While the overriding conservation tasks in Amazonia in the late 1970s were the formulation of a coherent approach and the establishment of a program based on it, the main tasks during the early 1980s were the consolidation of past gains and the expansion of conservation's domain within the extant policy framework. The IBDF's program had to become a routinized, efficiently administered part of the forest agency's mission, and a secure niche in national life had to be carved for the program. A second federal agency, the Secretariat of the Environment (SEMA), became involved in biological conservation and had to mesh its policies with the IBDF's. Conservationists approached these tasks much as they had the earlier ones, balancing sensitivity to their immediate circumstances with a respect for the broader conventions of international conservation.
The IBDF faced three pressing tasks. The first was creating a strong, permanent constituency for conservation. The military government, whose favor provided the IBDF's conservation program with almost all its political support, would not last forever. By the late 1970s, Brazil was increasingly anxious to restore the democratic institutions extinguished with the coup of 1964; even the military had begun talking about a retreat from power. While many of the administrative changes that had worked to conservation's advantage were likely to outlast the military regime, conservationists had to anticipate the more democratic, pluralist political system that would characterize the developed Brazil of the future. To be sure, constituency building began well before the successes of 1979 and 1980, but it was only after those years that it assumed a prominent role.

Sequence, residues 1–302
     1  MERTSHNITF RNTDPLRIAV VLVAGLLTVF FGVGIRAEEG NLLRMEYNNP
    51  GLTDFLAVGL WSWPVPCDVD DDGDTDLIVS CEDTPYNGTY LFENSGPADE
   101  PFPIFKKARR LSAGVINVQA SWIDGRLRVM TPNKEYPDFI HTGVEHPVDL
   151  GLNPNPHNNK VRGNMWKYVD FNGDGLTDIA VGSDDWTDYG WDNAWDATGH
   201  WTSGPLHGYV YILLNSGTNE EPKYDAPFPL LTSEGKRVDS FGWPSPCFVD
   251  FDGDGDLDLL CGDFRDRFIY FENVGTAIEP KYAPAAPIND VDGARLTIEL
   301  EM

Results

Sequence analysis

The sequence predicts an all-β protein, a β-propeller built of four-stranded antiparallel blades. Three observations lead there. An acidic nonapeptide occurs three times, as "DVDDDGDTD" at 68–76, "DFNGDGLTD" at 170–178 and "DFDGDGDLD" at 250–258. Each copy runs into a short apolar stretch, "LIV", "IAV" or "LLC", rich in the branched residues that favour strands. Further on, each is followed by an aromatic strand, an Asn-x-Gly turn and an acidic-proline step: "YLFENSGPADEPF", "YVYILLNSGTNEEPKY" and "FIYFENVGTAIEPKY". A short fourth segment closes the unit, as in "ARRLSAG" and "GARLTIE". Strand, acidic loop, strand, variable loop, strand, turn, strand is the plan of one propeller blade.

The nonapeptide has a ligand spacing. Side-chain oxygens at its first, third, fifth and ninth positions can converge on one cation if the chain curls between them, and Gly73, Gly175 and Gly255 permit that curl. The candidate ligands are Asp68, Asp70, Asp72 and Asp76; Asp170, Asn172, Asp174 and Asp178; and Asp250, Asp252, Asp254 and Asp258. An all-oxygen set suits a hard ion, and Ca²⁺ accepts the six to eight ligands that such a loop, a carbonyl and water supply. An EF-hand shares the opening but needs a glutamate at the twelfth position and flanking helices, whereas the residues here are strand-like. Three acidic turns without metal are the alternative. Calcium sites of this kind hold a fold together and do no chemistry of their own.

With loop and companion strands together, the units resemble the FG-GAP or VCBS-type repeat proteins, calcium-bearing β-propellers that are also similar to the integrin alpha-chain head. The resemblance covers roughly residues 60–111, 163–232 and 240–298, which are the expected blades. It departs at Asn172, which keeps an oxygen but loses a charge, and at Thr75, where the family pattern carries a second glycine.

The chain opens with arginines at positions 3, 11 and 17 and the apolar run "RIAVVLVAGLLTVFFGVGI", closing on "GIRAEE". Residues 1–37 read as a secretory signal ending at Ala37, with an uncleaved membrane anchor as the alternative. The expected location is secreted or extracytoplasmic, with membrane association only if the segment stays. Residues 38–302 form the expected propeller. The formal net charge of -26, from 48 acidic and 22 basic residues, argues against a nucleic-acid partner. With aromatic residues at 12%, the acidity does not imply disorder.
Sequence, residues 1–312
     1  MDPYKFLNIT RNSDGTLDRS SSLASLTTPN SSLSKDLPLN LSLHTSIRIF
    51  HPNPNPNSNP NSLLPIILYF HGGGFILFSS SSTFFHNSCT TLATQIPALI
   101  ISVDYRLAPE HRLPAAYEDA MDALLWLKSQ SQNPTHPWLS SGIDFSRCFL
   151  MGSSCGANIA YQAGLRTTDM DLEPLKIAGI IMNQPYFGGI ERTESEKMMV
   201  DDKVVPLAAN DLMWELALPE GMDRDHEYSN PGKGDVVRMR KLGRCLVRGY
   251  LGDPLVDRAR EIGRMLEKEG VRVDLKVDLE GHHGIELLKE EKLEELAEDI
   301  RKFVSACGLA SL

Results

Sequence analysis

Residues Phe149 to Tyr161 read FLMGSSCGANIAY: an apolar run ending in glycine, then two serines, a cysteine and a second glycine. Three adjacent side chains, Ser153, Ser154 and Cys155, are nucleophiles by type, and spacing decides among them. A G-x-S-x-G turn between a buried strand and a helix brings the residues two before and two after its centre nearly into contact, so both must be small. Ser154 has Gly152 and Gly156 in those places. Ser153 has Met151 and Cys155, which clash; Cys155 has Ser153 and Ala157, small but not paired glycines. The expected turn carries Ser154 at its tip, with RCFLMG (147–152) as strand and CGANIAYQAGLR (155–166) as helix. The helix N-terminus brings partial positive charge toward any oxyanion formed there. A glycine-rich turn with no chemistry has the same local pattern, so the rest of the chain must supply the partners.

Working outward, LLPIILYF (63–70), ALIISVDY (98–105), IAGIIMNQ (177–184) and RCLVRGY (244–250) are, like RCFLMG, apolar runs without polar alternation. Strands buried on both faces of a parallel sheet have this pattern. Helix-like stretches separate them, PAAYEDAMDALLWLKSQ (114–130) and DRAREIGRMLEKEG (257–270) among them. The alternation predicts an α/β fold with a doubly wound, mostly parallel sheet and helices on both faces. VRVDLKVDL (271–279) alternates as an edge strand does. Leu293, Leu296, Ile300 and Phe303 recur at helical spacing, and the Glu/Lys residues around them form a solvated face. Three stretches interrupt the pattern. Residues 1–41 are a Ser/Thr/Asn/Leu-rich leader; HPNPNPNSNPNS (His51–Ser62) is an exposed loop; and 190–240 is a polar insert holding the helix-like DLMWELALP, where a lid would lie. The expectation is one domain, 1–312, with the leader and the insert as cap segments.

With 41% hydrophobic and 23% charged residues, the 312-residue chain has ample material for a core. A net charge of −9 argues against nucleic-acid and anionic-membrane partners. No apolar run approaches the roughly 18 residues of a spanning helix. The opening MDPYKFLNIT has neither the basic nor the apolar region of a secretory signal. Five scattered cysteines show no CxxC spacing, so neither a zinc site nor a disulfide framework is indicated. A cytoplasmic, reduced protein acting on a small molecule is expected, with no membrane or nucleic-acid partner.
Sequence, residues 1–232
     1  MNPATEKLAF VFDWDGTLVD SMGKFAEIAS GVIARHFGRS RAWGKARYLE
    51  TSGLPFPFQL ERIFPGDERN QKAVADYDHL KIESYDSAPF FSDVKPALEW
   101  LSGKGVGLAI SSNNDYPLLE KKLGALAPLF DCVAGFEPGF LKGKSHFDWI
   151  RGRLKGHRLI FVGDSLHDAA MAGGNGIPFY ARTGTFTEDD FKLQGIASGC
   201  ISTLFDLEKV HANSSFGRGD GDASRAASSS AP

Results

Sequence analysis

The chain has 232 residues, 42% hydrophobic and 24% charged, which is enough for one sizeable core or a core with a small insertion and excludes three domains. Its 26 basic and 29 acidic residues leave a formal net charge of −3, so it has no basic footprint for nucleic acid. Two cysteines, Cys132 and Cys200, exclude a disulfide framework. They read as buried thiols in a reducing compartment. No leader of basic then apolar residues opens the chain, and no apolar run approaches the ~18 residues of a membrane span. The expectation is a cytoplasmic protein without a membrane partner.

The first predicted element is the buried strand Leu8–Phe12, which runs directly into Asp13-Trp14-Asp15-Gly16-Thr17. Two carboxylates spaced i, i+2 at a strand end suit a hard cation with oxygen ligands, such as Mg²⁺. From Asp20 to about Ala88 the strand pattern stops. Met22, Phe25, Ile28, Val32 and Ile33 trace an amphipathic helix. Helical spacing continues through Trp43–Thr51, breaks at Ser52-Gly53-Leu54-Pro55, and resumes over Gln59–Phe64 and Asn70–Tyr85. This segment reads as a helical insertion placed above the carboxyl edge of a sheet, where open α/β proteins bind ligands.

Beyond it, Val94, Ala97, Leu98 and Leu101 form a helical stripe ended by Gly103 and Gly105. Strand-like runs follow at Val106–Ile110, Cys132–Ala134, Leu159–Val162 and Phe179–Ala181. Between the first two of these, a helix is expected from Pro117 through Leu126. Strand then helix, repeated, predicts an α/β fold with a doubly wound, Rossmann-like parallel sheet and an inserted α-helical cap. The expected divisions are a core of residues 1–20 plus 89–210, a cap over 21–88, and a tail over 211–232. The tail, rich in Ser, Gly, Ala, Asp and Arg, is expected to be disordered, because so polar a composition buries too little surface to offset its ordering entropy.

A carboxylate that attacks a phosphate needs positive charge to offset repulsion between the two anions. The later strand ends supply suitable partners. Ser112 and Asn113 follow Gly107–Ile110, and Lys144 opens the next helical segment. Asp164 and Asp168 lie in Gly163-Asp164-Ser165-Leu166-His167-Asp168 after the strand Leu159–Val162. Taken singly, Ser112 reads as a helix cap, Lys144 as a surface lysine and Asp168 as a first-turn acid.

The second task was consolidating recent legislative successes. The decrees of 1979 and 1980 had created an impressive set of protected areas on paper; now the new protected areas had to be managed. The IBDF's administrative structure had to be adapted to its new conser-